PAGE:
Hollywood's melting bipolar icecap

Hollywood's melting bipolar icecap

Summary: Hollywood's bipolar icecap is starting to melt. This week brings a flurry of announcements about Hollywood establishment content heading online, even in league with former file sharing enemy, BitTorrent.


Hollywood's bipolar icecap is starting to melt. This week brings a flurry of announcements about Hollywood establishment content heading online, even in league with former file sharing enemy, BitTorrent. Warner Brothers has finally figured out that meeting illegal downloaders halfway is more progressive than trying to erase piracy by trying to shut down P2P sites. Of course, in the WB/BitTorrent service, they still come up with Draconian DRM--the WB/BitTorrent service requires a password to watch the file (OK), but the file can only be viewed on the computer to which it was dowloaded (not OK). WB hopes to convert perhaps 10 percent of the pirates into legal users as a starting point, but the DRM might just drive those trying to become honest downloaders to other P2P sites to get less encumbered content. The TV shows will be priced starting around $1, but movies will be about the same price as DVDs. Not a great incentive for content that is tied to one machine.

In other news, the Apple iTunes store has added episodes from Fox's library, including "24" and "Prison Break," at $1.99 per episode for locking into Apple's device. Slowly but surely, Hollywood is trying out new models to increase the dollar yield per TV episode or movie and join the digital world.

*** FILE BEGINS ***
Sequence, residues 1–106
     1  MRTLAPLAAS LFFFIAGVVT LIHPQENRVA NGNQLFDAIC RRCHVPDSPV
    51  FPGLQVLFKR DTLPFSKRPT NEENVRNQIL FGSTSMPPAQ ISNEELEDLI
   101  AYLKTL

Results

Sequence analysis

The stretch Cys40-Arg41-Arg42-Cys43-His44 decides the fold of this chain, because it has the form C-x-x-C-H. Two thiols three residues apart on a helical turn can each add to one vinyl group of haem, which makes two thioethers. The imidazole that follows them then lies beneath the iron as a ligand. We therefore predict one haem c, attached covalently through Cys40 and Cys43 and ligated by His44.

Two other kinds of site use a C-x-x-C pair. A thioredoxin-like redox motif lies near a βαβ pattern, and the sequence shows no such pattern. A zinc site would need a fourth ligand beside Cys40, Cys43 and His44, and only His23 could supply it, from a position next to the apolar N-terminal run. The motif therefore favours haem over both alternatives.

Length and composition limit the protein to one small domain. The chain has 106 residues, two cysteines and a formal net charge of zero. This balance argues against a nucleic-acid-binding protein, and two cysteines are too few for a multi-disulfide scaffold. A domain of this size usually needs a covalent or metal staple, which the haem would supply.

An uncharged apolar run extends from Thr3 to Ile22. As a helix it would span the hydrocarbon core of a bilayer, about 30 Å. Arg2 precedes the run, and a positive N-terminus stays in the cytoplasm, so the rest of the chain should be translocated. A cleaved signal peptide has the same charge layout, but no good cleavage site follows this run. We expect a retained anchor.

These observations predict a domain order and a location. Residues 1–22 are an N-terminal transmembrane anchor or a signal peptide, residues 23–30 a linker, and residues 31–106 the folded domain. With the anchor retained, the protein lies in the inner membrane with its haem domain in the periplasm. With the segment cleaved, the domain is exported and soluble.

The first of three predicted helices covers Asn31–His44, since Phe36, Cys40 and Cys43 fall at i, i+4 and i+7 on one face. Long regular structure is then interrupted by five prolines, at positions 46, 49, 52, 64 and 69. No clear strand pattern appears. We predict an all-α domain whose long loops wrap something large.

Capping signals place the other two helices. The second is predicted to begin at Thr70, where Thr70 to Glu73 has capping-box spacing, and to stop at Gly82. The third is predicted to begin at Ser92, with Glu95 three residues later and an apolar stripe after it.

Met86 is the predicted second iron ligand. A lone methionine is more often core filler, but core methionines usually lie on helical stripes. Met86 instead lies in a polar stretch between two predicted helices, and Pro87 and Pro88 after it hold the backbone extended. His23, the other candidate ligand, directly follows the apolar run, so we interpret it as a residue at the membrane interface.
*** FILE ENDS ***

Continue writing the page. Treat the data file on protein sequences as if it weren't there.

In some ways, this shift by the networks and studios is driven by a realization that they have to intersect with viewers, especially the younger generation, where they consume media--less newspaper, TV and movie theater and more PCs, mobile devices and place-shifting, such as via the SlingBox.

In addition, the infusion of so-called user generated content is changing viewing habits, meaning less time devoted to what's produced by mainstream media. In the near term it’s a David and Goliath story, in which every David, or Dianna, has a high tech slingshot loaded with Web pages, blog posts, podcasts and video clips that are competing for attention with what the incumbent salaried media elite produces. YouTube's most viewed video is a three-minute lipsynch to the Pokeman theme song---over 10 million views, nearly 8,000 comments, 19,000 favorites, production cost=zero. The Pokemon franchise might have issues with the music rights, but the amount of brand exposure for Pokemon from is massive.

While the vast majority of bloggers, podcasters and vcasters are not on the radar or merely hold sway in their micro-communities, some are attracting lots of attention, at the expense of Hollywood's money machine. This phenomenon doesn't mean that the products that come out of Hollywood, like the recent Mission: Impossible III, won't be successful, but the digital world is calling. Following Moore's Law, it won't be too long (a decade?) before anyone can have their own high-definition Hollywood studio in their living room and access to millions of virtual objects and billions of viewers...

Topic: Legal

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  • WB or not WB